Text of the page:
April 14, 2008

On March 31 I indicated my approval of the idea that the Fed should have discretion over the conduct of monetary policy; in Econbrowser, Prof. James Hamilton has pointed out that discretion should have boundaries:

And this is where I feel that Robert Reich raises an excellent point:

the Fed can expose taxpayers to hundreds of billions of dollars of potential losses without a single appropriation hearing, as it did recently when it allowed Wall Street’s major investment banks to exchange tainted mortgage-backed securities for nice clean loans from the Treasury. And the Fed can do amazing things– like decide one big bank, JP Morgan, is going to take over another, Bear Stearns, backed by $29 billion of taxpayer money.

Reich is exactly correct– the Fed’s recent behavior does expose U.S. taxpayers to a risk of default on these assets. While some may argue that the Treasury is exposed to risks in the current situation no matter what the Fed does, it seems to me that this decision is ultimately a matter for fiscal policy. And just as I don’t want Congress deciding how much money to print, I don’t want the Fed deciding how much taxpayer money is appropriate to pledge for purposes of promoting financial stability.

I agree very much that Congress has a quite proper role in determining the magnitude of the fiscal risk that the Fed opts to assume. Congress’s statutory limit on the quantity of debt that the Treasury can issue is something I have previously derided as political circus. But a statutory limit on the non-Treasury assets that the Fed is allowed to hold might make sense. Perhaps the outcome of a public debate on this issue would be a decision that the Fed needs the power to lend to private borrowers even more than the $800 billion or so limit that it would run into from completely swapping out its entire portfolio. Indeed, Greg Ip speculates on the possibility that the Fed could “ask Treasury to issue more debt than it needs to fund government operations.” Surely that would be something that should require congressional approval. Or perhaps after deliberations, Congress would decide that the business of swapping Treasury debt for private sector loans is one that is better run by the Treasury rather than the Federal Reserve.

Another bank, Wachovia, is cutting its dividend and raising capital, while Deutsche is flogging its LBO debt in an effort to delever … in competition with Citigroup’s efforts, mentioned April 11 to unload $12-billion worth.

A very quiet day for preferreds.

Note that these indices are experimental; the absolute and relative daily values are expected to change in the final version. In this version, index values are based at 1,000.0 on 2006-6-30
Index Mean Current Yield (at bid) Mean YTW Mean Average Trading Value Mean Mod Dur (YTW) Issues Day’s Perf. Index Value
Ratchet 5.14% 5.18% 28,002 15.20 2 +0.1428% 1,088.4
Fixed-Floater 4.79% 5.23% 61,964 15.22 8 +0.0694% 1,044.2
Floater 5.06% 5.10% 68,483 15.34 2 +0.3607% 823.0
Op. Retract 4.85% 4.07% 82,547 3.27 15 -0.1465% 1,047.3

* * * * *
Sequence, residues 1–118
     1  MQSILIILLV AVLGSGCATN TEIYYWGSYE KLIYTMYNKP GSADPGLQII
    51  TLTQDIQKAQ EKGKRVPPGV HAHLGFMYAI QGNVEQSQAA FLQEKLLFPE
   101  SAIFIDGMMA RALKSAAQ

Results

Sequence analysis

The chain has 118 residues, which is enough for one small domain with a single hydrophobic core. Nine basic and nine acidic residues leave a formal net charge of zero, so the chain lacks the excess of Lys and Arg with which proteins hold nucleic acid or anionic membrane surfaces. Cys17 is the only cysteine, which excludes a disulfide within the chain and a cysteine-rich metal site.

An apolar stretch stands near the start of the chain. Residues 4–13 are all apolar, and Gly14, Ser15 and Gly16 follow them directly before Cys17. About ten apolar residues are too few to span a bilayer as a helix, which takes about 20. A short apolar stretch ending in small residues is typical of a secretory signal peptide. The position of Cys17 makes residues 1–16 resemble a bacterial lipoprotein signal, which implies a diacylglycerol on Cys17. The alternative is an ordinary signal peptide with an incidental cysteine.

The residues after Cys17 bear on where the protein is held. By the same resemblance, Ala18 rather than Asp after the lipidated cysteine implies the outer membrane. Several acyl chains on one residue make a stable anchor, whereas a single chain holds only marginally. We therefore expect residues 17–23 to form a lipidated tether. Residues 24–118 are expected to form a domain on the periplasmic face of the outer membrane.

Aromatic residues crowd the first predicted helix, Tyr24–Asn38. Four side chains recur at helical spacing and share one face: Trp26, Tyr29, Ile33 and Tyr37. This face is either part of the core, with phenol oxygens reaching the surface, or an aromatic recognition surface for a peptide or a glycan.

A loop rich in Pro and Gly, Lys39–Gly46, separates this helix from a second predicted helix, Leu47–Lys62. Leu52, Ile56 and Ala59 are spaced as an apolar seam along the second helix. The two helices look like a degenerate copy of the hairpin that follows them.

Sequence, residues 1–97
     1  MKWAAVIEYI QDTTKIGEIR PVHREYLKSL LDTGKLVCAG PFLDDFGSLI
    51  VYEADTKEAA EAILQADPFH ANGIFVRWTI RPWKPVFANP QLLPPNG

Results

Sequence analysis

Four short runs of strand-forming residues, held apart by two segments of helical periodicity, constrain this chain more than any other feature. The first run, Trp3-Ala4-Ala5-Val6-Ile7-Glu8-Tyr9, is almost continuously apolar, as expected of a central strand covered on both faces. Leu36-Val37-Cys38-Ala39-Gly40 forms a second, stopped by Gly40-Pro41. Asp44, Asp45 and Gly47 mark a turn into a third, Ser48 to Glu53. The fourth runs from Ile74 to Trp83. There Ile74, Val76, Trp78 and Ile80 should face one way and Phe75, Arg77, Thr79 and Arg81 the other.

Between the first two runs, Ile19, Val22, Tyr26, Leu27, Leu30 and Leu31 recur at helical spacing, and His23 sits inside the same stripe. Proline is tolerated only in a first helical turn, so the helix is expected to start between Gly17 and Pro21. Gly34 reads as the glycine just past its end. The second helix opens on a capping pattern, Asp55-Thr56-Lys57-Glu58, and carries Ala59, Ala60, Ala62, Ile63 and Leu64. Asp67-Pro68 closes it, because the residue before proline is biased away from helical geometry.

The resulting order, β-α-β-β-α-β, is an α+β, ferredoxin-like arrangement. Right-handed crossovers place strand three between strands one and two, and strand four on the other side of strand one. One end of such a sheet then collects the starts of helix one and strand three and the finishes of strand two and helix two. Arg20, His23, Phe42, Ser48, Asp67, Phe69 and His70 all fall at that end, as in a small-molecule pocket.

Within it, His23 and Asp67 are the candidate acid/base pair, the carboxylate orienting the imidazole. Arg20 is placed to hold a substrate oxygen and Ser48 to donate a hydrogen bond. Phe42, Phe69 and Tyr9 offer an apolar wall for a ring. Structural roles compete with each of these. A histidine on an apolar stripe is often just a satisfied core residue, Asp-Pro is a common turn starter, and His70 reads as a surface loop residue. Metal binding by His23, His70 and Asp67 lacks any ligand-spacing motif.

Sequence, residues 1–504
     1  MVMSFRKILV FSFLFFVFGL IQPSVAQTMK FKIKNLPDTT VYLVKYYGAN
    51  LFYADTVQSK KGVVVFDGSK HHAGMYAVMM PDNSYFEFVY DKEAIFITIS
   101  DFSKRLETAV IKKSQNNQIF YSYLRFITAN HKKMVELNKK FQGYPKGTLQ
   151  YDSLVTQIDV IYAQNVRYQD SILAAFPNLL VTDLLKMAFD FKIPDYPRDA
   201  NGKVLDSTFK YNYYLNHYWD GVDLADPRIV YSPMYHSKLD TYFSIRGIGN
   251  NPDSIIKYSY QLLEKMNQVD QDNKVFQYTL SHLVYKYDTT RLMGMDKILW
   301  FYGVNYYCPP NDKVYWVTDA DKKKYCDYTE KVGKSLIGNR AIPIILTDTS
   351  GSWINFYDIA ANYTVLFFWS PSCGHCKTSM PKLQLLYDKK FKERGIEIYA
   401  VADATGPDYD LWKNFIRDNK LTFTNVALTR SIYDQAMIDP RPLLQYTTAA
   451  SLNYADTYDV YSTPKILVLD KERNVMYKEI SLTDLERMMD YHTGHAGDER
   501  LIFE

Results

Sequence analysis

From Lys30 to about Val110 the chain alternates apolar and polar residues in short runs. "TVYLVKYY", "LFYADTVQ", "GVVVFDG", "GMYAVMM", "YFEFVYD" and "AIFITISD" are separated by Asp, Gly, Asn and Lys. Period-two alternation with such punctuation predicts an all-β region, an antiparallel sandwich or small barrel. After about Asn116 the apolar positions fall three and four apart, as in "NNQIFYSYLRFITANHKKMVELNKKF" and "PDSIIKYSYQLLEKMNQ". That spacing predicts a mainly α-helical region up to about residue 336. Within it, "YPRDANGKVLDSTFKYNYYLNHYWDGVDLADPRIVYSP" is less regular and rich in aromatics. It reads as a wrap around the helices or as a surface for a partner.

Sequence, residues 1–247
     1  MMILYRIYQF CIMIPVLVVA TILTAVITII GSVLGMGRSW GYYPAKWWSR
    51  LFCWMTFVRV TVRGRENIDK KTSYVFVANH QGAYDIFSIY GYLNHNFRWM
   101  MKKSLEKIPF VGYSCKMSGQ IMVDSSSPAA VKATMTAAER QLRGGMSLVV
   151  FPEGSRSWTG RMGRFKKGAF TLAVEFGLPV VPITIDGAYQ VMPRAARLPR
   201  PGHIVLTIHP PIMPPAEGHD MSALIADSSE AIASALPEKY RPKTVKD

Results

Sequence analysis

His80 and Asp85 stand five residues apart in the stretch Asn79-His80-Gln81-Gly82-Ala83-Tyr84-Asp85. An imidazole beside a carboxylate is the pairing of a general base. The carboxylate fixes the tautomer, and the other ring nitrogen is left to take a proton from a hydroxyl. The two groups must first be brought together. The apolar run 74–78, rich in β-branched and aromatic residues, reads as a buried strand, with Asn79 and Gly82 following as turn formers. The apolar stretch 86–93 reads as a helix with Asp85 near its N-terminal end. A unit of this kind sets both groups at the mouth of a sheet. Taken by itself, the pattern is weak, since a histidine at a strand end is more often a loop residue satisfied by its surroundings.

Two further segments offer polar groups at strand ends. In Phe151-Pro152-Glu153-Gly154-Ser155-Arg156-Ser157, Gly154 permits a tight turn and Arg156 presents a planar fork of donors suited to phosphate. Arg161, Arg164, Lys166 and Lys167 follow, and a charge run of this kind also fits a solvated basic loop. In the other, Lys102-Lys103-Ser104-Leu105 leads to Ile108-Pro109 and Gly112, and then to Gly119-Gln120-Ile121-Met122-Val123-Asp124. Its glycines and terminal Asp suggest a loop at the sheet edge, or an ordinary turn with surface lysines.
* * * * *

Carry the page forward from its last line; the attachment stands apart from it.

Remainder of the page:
Split-Share 5.38% 6.01% 87,290 4.08 14 -0.1779% 1,029.1
Interest Bearing 6.18% 6.21% 65,707 3.89 3 +0.0005% 1,096.8
Perpetual-Premium 5.91% 5.51% 206,484 4.81 7 -0.1835% 1,018.3
Perpetual-Discount 5.65% 5.67% 288,611 13.66 63 -0.0090% 922.7
Major Price Changes
Issue Index Change Notes
PWF.PR.F PerpetualDiscount -2.4665% Now with a pre-tax bid-YTW of 5.83% based on a bid of 22.54 and a limitMaturity.
BNA.PR.B SplitShare -1.4634% Asset coverage of just under 2.7:1 as of March 31, according to the company. Now with a pre-tax bid-YTW of 8.46% based on a bid of 20.20 and a hardMaturity 2016-3-25 at 25.00. Compare with BNA.PR.A (6.57% to 2010-9-30) and BNA.PR.C (7.38% to 2019-1-10).
PWF.PR.I PerpetualPremium -1.1792% Now with a pre-tax bid-YTW of 5.82% based on a bid of 25.14 and a call 2012-5-30 at 25.00.
SLF.PR.C PerpetualDiscount -1.0140% Now with a pre-tax bid-YTW of 5.48% based on a bid of 20.50 and a limitMaturity.
RY.PR.A PerpetualDiscount +1.1170% Now with a pre-tax bid-YTW of 5.43% based on a bid of 20.82 and a limitMaturity.
SLF.PR.A PerpetualDiscount +1.1463% Now with a pre-tax bid-YTW of 5.43% based on a bid of 22.06 and a limitMaturity.
Volume Highlights
Issue Index Volume Notes
PWF.PR.H PerpetualDiscount (for now!) 107,910 Nesbitt crossed 15,000 at 25.05, then 40,000 at the same price. Now with a pre-tax bid-YTW of 5.71% based on a bid of 25.01 and a call 2012-1-9 at 25.00.
TD.PR.Q PerpetualPremium 73,300 TD crossed 70,000 at 25.10. Now with a pre-tax bid-YTW of 5.59% based on a bid of 25.03 and a call 2017-3-2 at 25.00.
BMO.PR.H PerpetualDiscount 29,125 Now with a pre-tax bid-YTW of 5.72% based on a bid of 23.36 and a limitMaturity.
CU.PR.B PerpetualPremium 21,400 Three trades! CIBC crossed 10,000, then sold 2,000 to Nesbitt, then crossed 9,400, all at 25.40. Now with a pre-tax bid-YTW of 5.79% based on a bid of 25.41 and a call 2012-7-1 at 25.00.
TD.PR.R PerpetualDiscount 18,480 Now with a pre-tax bid-YTW of 5.67% based on a bid of 24.97 and a limitMaturity.

There were five other index-included $25-pv-equivalent issues trading over 10,000 shares today.

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